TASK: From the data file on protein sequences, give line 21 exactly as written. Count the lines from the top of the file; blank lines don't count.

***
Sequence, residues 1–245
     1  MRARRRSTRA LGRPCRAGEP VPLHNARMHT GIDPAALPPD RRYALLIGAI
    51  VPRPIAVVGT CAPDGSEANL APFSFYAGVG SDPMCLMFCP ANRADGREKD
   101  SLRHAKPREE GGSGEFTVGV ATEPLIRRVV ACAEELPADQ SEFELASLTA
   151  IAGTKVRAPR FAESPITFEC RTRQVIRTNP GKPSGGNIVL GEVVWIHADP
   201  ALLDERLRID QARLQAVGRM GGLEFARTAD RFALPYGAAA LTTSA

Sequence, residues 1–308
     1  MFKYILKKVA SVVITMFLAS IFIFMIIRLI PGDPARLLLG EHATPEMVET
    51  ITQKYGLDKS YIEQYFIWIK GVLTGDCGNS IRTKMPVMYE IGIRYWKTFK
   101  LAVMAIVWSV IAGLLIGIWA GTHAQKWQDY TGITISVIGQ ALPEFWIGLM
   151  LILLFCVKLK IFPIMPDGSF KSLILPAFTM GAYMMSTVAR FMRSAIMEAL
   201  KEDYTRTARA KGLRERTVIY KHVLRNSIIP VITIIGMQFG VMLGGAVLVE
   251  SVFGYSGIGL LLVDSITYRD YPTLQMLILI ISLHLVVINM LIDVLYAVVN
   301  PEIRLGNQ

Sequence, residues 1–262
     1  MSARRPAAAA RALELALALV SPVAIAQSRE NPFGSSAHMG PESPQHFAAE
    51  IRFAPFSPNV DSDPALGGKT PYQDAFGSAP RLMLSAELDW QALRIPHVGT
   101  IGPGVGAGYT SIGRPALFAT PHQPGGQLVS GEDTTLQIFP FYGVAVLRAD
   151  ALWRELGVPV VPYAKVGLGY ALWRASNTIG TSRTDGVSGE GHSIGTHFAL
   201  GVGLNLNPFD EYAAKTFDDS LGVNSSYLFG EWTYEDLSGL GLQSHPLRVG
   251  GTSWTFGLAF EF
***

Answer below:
   251  GTSWTFGLAF EF